One of the biggest complaints from employer sponsors of health benefits is how HMOs blind employees to the true cost of health care.
Low patient copayments and no claims combine for a very distorted cost of care.
Employees may be forced into reality.
A 2012 survey by Aon Hewitt revealed the following.
- An increase in consumer-driven health plans (CDHPs)
- CDHPs were the second most common plan design offered by employers
- Preferred Provider Organizations (PPOs) remain #1
- HMOs dropped to #3
The pie chart below illustrates the survey findings of nearly 2,000 U.S. employers, representing over 20 million employees and their dependents with 2011 data.
Back to Basics
For those of you who are unfamiliar with the different plan designs, the following is a brief explanation and history lesson.
Health Maintenance Organizations (HMOs) developed as a way to manage health care costs and improve access to care. Sound familiar?
That was the plan. In the early days ~
- Health care providers received a fixed monthly fee (capitation) for members
- Members enrolled in the plan and selected a Primary Care Physician
- Except for emergency care, benefits applied only when care was received or referred by the member’s Primary Care Physician
HMOs were at the heart of health reform long before President Obama entered the picture.
The HMO Act of 1973 expanded the growth of HMOs.
- The Act provided federal funding for HMOs
- Removed state laws that banned prepaid plans
- Required employers with at least 25 employees to offer a federally qualified HMO – if requested
And then, the you-know-what hit the fan and the HMOS today are not what they were in the explosion of HMOs in the 1990s.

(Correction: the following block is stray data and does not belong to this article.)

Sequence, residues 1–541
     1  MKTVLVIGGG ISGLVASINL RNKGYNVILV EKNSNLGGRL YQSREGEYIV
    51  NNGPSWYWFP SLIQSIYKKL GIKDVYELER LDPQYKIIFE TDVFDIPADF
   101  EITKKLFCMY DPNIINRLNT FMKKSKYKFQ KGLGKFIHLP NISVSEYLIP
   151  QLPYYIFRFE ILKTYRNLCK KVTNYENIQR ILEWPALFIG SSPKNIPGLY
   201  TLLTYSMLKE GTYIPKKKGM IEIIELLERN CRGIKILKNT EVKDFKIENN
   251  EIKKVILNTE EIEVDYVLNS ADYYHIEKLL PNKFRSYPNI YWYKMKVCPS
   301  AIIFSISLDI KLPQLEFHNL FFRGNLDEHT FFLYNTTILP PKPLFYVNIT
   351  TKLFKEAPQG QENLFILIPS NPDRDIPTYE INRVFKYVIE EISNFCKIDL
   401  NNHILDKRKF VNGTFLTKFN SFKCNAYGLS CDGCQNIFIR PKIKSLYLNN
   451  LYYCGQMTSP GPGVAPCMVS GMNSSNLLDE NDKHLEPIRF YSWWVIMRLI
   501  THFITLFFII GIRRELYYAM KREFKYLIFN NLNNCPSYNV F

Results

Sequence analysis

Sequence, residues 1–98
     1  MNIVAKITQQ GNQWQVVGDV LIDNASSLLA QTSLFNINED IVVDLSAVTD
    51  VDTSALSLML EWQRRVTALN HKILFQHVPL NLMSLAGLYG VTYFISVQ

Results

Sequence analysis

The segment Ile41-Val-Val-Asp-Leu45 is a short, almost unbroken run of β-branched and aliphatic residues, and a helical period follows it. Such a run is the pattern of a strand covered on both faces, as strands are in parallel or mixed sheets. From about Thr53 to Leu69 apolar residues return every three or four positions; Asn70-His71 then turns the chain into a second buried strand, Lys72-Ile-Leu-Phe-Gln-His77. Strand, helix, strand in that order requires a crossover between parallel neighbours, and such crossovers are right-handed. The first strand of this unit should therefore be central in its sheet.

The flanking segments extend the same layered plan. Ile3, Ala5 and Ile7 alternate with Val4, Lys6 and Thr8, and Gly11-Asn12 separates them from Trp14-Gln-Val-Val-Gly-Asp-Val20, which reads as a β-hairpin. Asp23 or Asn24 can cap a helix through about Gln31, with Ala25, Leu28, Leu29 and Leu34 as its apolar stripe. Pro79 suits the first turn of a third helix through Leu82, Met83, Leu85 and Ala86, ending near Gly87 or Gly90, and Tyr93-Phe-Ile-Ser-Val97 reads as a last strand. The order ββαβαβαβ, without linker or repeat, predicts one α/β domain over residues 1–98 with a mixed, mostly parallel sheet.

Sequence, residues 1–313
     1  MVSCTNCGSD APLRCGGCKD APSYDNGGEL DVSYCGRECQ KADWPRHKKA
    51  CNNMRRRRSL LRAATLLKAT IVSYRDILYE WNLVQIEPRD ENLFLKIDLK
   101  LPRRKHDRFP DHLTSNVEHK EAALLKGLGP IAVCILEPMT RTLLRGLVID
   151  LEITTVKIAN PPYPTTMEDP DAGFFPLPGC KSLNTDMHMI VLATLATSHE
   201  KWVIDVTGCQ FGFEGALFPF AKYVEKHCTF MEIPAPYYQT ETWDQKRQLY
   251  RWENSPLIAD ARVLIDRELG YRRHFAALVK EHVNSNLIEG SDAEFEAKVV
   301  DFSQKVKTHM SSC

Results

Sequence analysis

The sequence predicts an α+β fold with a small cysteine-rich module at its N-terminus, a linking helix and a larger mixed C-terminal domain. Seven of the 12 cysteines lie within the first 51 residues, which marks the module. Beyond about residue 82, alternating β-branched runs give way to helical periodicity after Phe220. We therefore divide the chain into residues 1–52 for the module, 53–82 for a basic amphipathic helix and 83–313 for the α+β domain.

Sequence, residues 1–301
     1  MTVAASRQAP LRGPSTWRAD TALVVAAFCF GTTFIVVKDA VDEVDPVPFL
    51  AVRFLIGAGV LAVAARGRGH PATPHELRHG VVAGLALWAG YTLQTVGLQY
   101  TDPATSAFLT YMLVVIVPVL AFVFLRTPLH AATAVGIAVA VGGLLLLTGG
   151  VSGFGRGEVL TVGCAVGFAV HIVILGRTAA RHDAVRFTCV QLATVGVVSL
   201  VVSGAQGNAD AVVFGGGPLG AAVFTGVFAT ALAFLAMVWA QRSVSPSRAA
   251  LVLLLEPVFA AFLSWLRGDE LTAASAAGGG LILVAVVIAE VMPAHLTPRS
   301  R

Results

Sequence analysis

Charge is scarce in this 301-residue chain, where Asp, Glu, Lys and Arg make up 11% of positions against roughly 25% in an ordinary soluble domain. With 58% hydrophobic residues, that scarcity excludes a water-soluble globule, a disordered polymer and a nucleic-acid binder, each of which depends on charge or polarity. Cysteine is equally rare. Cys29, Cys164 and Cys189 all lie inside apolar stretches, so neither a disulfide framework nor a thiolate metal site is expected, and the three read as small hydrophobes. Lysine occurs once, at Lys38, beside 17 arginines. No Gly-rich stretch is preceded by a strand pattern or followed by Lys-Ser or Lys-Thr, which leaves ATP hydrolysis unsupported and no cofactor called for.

A Preferred Provider Organization (PPO) is a network of independent medical physicians, hospitals and other health care providers contracted to provide services for a discounted fee.
Introduced in the 1980s, PPOs were a less restrictive alternative to HMOs.
The following are typical features of a PPO.
- Enrollees are not required to select a Primary Care Physician
- Members choose at the time of service whether to use a network or non-network provider
- In-network care typically receives a higher level of benefits and lower out-of-pocket costs for the member
For many employers, PPOs were a baby step towards accountability for employees.
Employees still didn’t have enough skin in the game to change behavior.
The lofty goal of CDHPs was to treat health care like any other commodity.
- Decision-making should be in the hands of the consumer
- The individual should make his or her own decision based on cost, quality or convenience
There are many forms of CDHPs. The following are common characteristics.
- The health plan has a relatively high deductible
- Preventive care is typically covered with minimal out-of-pocket expense
- Plans may have a savings account for health care expenses
- Contributions to the savings account may be tax-free
With these plans, the individual (the consumer) decides how to use the health care funds.
Not Beating Down the Door
Try as they might, employers still have not convinced employees to take health care into their own hands.
According to the survey, CDHP enrollment lagged behind other plan designs.
There are some real stumbling blocks with CDHPs.
- Employees don’t understand them
- Employers don’t spend enough time for education
- Employees have no reason to change
Historically, our health insurance works on a premise (in essence) of rewarding disease.
- You get sick
- The insurance company pays your claim – usually
Why would you switch to a CDHP where you have a higher deductible to satisfy before you get paid for being sick?
As one of my clients explains – there needs to be a shift in thinking (and action) where health benefits manage health – not disease.
- Employers are incorporating wellness programs into health benefits
- Many provide incentives for employees to take an active role in their health
Until there is that shift in how we view health benefits, the blinders are staying in place.
Notice of Disclaimer –Cathy Miller is not an attorney or health care provider and cannot provide legal or health care advice. The information provided is for your general background only, and is not intended to constitute legal or health care advice as to your specific circumstances. We recommend you review legislation with legal counsel and visit your physician for health care issues.